BBC Countryfile Magazine


On a damp November evening in 1997, Discworld author Terry Pratchett had a bee in his bonnet. Or rather, a bird. He was at a book signing for his novel Jingo,buthis mind was on his upcoming work, Carpe Jugulum, which would feature magpies prominently.

Pratchett started asking everyone in the queue what variation of the magpie counting rhyme they knew. He was disheartened when person after person recited the same one:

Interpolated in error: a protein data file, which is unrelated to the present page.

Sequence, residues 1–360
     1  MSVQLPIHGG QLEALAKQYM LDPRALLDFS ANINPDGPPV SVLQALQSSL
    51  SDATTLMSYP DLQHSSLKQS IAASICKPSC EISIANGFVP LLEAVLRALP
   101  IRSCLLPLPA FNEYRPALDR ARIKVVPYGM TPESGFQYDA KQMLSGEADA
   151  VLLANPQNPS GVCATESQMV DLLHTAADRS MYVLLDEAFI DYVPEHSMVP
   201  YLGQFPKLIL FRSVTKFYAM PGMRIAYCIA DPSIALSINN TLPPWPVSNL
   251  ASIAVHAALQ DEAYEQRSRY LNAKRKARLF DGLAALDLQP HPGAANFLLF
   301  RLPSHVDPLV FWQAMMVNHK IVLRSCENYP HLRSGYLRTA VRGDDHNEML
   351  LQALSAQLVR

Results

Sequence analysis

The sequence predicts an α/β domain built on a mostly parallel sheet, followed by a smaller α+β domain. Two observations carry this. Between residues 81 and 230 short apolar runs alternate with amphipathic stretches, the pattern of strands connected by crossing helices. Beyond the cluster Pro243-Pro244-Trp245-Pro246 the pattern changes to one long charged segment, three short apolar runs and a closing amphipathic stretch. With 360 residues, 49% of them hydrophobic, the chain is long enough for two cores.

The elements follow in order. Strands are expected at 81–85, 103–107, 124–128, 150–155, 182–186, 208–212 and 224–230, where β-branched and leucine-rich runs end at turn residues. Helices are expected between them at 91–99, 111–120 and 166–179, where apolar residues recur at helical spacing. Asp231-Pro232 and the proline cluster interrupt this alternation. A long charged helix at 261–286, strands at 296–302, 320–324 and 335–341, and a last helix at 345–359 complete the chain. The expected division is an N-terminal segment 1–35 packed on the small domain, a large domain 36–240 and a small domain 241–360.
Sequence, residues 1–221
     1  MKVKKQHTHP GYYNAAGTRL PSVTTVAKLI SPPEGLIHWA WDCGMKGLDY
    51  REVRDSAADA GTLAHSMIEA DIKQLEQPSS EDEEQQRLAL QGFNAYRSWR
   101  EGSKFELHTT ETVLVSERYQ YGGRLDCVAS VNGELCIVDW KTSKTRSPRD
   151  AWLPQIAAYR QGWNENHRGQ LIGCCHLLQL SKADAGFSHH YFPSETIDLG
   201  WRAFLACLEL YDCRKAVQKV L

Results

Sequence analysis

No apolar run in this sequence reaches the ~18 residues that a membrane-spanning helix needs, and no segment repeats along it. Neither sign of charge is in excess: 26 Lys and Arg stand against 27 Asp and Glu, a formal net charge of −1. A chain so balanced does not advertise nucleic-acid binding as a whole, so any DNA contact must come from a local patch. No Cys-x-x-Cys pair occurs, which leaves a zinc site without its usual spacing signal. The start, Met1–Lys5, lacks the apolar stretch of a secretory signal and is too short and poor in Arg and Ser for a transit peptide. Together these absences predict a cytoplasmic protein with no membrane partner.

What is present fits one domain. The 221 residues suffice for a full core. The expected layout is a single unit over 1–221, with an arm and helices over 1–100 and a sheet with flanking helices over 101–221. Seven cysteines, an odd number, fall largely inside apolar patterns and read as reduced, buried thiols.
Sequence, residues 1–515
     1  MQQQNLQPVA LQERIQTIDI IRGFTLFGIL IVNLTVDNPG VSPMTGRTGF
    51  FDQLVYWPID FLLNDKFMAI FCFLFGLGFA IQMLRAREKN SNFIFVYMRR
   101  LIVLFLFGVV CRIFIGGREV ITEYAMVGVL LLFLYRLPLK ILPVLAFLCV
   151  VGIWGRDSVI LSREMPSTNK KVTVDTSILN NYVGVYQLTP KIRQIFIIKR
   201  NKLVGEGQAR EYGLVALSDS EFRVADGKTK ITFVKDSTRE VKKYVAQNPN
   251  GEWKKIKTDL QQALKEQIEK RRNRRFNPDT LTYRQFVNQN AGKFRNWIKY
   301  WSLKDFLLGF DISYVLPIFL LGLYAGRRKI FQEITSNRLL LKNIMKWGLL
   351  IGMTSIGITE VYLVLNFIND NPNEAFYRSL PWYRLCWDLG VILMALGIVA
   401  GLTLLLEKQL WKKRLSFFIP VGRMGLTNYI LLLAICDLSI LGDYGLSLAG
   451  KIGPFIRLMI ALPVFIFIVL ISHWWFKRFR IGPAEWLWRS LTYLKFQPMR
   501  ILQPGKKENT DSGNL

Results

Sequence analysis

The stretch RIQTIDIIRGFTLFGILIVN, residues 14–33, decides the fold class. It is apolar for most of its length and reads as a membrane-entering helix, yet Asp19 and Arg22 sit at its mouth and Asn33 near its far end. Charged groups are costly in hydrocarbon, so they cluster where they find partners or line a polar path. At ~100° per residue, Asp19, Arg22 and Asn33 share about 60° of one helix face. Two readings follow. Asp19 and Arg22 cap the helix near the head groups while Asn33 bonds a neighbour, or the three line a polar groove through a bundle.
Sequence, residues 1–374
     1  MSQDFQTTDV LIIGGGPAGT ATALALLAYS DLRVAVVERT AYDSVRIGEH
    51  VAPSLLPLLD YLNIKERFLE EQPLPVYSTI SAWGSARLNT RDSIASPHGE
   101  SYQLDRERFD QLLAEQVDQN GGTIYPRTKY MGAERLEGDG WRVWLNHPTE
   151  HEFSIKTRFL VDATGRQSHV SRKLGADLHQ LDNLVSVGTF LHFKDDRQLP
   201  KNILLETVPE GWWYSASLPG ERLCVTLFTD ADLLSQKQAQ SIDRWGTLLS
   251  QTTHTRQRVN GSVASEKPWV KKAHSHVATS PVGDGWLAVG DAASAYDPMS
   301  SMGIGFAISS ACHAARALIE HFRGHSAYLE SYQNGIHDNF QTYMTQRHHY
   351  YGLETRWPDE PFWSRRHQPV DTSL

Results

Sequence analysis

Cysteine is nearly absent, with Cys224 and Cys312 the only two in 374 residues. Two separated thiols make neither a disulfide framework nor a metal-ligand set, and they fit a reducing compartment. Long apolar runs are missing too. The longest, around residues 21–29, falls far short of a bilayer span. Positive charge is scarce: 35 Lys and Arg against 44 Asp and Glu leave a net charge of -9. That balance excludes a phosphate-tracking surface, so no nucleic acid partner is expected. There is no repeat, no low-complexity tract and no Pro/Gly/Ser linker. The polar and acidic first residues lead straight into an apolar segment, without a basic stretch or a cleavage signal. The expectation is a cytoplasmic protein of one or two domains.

One for sorrow, Two for joy, Three for a girl, Four for a boy, Five for silver, Six for gold, Seven for a secret never to be told, Eight for a wish, Nine for a kiss, Ten for a bird, You must not miss.

This was the version made famous by the ’60s and ’70s children’s TV show . For Pratchett it was “like some cuckoo in the

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